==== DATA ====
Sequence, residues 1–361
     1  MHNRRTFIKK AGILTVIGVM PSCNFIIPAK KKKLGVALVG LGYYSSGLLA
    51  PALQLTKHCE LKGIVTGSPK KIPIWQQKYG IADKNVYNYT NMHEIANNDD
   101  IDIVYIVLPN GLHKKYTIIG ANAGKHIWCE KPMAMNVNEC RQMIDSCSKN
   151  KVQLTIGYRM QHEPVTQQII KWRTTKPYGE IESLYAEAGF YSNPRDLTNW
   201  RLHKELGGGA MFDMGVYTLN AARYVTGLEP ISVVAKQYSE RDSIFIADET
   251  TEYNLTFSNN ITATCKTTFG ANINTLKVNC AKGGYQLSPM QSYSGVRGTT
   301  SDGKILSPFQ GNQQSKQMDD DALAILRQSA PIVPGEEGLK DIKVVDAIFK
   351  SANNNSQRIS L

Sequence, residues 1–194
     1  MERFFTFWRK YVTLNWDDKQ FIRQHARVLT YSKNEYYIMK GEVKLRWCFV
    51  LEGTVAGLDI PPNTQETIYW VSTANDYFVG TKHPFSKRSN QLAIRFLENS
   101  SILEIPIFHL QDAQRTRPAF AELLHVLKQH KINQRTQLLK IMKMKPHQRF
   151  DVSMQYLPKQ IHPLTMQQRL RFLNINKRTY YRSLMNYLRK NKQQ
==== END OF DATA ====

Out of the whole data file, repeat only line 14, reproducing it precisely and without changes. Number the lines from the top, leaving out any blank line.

   151  DVSMQYLPKQ IHPLTMQQRL RFLNINKRTY YRSLMNYLRK NKQQ